RF traces to minimize digital noise coupling onto RF traces.
 Choose DCLK and RCLK frequencies that fall above the AM band. Ensure that timing requirements are met for
both RCLK and DCLK with higher frequencies. Refer to “AN332: Si47xx Programming Guide” for timing
requirements.
 Route all GND (including RFGND) pins to the ground pad. The ground pad should be connected to the ground
plane using multiple VIAs to minimize ground potential differences.
 Route power to the Si474x by trace, ensuring that each trace is rated to handle the required current.
 Do not route signal traces on the ground layer directly under the Si474x.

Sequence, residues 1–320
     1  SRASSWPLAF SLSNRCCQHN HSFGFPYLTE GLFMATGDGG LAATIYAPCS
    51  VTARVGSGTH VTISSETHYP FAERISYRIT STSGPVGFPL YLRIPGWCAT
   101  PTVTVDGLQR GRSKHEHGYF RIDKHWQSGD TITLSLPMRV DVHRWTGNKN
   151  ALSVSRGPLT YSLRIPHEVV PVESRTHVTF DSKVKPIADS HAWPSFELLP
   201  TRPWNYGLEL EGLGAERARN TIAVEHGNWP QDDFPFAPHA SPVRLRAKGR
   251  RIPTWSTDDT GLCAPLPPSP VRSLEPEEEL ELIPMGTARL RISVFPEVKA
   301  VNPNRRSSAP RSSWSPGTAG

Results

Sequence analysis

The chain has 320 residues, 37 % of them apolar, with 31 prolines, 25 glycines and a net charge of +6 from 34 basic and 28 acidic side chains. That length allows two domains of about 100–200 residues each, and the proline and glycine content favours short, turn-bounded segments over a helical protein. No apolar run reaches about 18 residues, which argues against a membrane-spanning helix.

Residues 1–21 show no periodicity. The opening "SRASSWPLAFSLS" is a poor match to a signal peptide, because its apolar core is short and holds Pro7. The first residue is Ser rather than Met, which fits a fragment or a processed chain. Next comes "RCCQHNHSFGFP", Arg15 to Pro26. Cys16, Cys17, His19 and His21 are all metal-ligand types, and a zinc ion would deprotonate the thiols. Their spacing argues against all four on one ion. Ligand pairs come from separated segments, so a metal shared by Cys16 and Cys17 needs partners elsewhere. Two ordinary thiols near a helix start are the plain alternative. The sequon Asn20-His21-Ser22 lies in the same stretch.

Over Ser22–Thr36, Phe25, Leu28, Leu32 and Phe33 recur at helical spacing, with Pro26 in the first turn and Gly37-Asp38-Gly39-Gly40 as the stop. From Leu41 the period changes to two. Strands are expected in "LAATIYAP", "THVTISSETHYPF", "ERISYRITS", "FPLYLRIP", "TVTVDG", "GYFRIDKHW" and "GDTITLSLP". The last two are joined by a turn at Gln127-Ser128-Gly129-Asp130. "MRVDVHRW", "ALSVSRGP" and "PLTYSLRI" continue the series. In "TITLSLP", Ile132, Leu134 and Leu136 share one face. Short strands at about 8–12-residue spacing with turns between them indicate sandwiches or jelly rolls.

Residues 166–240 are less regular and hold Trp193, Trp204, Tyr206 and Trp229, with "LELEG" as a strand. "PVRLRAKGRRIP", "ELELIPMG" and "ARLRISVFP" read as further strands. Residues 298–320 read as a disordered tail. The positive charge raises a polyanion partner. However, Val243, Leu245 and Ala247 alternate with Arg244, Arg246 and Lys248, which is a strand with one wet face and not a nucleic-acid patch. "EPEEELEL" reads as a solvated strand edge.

 Do not route signal traces under the Si474x without a ground plane between the Si474x and signal trace.
 Do not route digital or RF traces over breaks in the ground plane.
 If the design is flexible to have more than two layers, put the GND plane between RF signals and digital signals.
Another improvement would be to put the digital signals between two GND planes.
 Do not route digital signals or reference clock traces near VCO pins 22 and 23 or LOUT/ROUT output pins 15
and 16.
 Do not route VCO pins 22 and 23 (NC). These pins must be left floating to guarantee proper operation.
 Do not route pin 24 (NC). This pin must be left floating to guarantee proper operation.
 Do not route pin 4 (NC). This pin must be left floating to guarantee proper operation.
 Flood the primary and secondary layers with ground and place stitching VIAs.
 Place the Si474x close to the antenna(s) to minimize antenna trace length and capacitance and inductive and